Ankle; Ankle Arthritis
As the popularity of total ankle arthroplasty (TAA) increases, indication of TAA also expands. Recently, the ankles more than 20° of varus or valgus deformity in the coronal plane are treated with TAA. However, severe varus or valgus deformity should be corrected in the coronal plane to avoid residual mal-alignment that leads to instability, ... [Show full abstract] insert wear, and clinical failure. In this study, we compare the clinical and radiologic outcome of the Salto mobile bearing 3-component total ankle prosthesis for ankles with preoperative varus, neutral, and valgus alignment.
TAA was performed in 101 consecutive ankles (99 patients) by a single surgeon using 3-component Salto total ankle implant from June 2014 to October 2019. A prospectively collected database was used to identify all patients who underwent primary TAA with a minimum 1-year follow-up. We classified the enrolled ankles as neutral, varus, or valgus groups. More than 10° of tibial anterior surface angle, talta tilt angle, tibial axis-talar dome angle, talar dome-ground surface angle (TD-GSA), or tibio- calcaneal angle was defined as varus or valgus groups. All patients were followed up at postoperative three months, six months, at one year and yearly thereafter. Clinical outcome scoring was done pre-operatively and post-operatively. American Orthopaedic Foot & Ankle Society (AOFAS) ankle-hindfoot functional score, pain VAS, satisfaction score and clinical range of motion (ROM) were collected along with weight-bearing radiographs of the ankle. Post-operative coronal alignment of the component were evaluated with radiographs.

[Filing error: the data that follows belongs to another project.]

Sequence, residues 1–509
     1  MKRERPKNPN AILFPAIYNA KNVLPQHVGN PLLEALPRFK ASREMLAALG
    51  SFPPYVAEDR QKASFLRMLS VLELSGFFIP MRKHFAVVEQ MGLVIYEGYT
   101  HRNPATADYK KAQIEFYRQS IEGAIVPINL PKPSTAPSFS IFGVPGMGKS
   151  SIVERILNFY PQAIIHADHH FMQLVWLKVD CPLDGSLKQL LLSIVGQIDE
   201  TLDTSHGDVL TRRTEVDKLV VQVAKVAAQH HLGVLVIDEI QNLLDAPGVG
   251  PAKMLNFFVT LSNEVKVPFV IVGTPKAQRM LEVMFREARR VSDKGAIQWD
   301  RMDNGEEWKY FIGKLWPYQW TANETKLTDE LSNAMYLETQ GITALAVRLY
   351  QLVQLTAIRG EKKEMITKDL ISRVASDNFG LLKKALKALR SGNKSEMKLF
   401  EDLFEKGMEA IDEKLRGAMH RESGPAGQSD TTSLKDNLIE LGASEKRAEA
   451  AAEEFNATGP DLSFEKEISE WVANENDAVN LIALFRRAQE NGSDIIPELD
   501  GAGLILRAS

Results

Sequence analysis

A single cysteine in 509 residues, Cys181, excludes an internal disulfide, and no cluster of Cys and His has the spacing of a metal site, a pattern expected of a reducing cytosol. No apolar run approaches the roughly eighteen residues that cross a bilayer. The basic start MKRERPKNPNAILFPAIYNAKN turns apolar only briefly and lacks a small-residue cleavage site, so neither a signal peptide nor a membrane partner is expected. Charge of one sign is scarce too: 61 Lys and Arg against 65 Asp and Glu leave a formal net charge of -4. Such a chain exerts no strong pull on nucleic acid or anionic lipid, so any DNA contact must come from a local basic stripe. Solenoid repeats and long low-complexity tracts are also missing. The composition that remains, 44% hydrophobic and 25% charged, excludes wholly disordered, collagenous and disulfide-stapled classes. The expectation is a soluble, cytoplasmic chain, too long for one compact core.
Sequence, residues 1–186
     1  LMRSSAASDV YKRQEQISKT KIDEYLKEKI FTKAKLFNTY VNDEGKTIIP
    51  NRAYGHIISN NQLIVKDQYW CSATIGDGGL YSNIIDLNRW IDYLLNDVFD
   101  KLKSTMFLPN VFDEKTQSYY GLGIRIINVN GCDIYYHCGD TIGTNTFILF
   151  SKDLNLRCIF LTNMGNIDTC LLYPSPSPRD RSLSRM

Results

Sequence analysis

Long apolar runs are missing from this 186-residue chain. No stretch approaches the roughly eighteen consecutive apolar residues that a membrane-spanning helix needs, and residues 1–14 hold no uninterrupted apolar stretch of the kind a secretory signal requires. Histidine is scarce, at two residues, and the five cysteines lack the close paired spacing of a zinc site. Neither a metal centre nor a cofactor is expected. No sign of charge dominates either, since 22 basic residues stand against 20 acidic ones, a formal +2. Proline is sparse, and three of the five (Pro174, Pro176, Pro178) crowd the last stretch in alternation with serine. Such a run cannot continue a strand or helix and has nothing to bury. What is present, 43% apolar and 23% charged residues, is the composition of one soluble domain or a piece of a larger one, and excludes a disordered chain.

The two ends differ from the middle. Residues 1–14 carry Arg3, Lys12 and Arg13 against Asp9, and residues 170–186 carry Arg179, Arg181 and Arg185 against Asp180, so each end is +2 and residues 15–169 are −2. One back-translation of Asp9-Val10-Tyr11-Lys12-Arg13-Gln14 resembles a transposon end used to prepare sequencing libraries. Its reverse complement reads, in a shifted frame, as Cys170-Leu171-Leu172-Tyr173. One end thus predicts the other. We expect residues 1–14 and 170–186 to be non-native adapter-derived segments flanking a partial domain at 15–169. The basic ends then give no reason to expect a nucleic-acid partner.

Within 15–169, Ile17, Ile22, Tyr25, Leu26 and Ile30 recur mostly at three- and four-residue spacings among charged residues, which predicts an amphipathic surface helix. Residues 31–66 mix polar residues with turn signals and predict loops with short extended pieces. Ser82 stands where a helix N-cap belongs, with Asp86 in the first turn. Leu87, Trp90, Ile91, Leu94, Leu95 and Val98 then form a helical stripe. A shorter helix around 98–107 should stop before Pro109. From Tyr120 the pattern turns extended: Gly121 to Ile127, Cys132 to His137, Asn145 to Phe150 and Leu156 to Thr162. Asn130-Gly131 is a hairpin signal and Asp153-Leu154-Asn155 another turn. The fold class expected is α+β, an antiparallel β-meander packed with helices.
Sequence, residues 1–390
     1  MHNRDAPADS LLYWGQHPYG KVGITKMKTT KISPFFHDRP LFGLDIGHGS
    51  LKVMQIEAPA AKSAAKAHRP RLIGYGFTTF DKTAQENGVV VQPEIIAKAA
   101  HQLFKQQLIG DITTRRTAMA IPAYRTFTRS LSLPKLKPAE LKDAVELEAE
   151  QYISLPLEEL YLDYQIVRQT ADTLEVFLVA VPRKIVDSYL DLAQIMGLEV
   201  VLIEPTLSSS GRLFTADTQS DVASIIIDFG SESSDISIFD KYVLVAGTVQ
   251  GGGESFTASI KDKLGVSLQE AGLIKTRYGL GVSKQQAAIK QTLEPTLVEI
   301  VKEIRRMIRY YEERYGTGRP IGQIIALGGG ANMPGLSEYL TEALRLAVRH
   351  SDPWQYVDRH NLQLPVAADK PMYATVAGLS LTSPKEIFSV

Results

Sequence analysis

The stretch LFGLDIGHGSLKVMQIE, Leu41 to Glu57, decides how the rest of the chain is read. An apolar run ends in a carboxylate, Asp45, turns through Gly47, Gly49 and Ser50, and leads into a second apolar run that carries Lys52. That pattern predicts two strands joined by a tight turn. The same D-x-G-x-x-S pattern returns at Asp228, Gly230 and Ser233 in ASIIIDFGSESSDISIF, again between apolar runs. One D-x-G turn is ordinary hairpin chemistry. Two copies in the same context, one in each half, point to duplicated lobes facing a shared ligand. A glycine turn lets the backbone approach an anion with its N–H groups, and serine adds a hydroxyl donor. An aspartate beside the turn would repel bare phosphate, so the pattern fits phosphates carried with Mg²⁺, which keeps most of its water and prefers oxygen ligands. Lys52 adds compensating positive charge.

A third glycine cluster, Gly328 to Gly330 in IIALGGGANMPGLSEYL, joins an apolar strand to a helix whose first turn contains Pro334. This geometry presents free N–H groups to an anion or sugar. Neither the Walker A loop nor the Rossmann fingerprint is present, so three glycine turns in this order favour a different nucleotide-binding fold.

The average follow-up was 21.6 months (range, 12-71). Preoperatively, there were 63 ankles (62%) with varus deformity, 27 ankles (27%) with neutral alignment, and 11 ankles with valgus deformity. In preoperative varus group, 13 ankles (21%) were performed with concomitant lateral sliding calcaneal osteotomy, and 23 ankles (37%) with deltoid release. No additional procedures for the correction of ankle and hindfoot deformity were performed in preoperative neutral and valgus groups. VAS pain score and AOFAS score were significantly improved in all groups (p < 0.05). Overall satisfaction rate was 88%. After TAA, there were no significant radiologic alignment among the groups (3.9° (range, 0.7°~9.7°) in varus group, 4.1° (range, 0.4°~6.8°) in neutral group, and 2.2° (range, -0.4°~4.4°) in valgus group; p > 0.05).
There was no significant difference in outcome among the varus, neutral, and valgus groups postoperatively in the TAA series using single Salto 3-componenet implant. Postoperative neutral alignment was achieved in all ankles. For favorable long-term outcomes, coronal alignment should be corrected with proper additional procedures in TAA.